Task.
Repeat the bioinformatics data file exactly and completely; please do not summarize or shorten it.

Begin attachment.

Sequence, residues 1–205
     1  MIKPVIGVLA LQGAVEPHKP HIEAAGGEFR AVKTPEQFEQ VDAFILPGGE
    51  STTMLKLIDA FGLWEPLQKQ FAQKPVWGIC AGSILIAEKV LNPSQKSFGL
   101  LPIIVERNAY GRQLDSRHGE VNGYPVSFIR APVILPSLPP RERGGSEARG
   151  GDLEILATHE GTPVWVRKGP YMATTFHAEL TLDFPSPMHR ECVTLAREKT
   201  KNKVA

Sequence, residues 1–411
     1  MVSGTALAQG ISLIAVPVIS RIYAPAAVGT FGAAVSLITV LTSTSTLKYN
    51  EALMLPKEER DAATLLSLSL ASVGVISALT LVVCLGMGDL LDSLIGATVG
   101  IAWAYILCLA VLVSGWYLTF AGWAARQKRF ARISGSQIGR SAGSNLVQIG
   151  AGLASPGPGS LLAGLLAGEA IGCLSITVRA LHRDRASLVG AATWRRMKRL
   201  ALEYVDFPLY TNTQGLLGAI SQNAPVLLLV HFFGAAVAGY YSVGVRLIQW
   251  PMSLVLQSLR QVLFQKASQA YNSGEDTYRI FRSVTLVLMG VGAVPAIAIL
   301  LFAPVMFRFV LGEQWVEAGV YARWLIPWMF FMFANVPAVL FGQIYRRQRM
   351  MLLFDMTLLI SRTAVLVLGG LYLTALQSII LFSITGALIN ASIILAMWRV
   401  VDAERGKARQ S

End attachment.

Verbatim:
Sequence, residues 1–205
     1  MIKPVIGVLA LQGAVEPHKP HIEAAGGEFR AVKTPEQFEQ VDAFILPGGE
    51  STTMLKLIDA FGLWEPLQKQ FAQKPVWGIC AGSILIAEKV LNPSQKSFGL
   101  LPIIVERNAY GRQLDSRHGE VNGYPVSFIR APVILPSLPP RERGGSEARG
   151  GDLEILATHE GTPVWVRKGP YMATTFHAEL TLDFPSPMHR ECVTLAREKT
   201  KNKVA

Sequence, residues 1–411
     1  MVSGTALAQG ISLIAVPVIS RIYAPAAVGT FGAAVSLITV LTSTSTLKYN
    51  EALMLPKEER DAATLLSLSL ASVGVISALT LVVCLGMGDL LDSLIGATVG
   101  IAWAYILCLA VLVSGWYLTF AGWAARQKRF ARISGSQIGR SAGSNLVQIG
   151  AGLASPGPGS LLAGLLAGEA IGCLSITVRA LHRDRASLVG AATWRRMKRL
   201  ALEYVDFPLY TNTQGLLGAI SQNAPVLLLV HFFGAAVAGY YSVGVRLIQW
   251  PMSLVLQSLR QVLFQKASQA YNSGEDTYRI FRSVTLVLMG VGAVPAIAIL
   301  LFAPVMFRFV LGEQWVEAGV YARWLIPWMF FMFANVPAVL FGQIYRRQRM
   351  MLLFDMTLLI SRTAVLVLGG LYLTALQSII LFSITGALIN ASIILAMWRV
   401  VDAERGKARQ S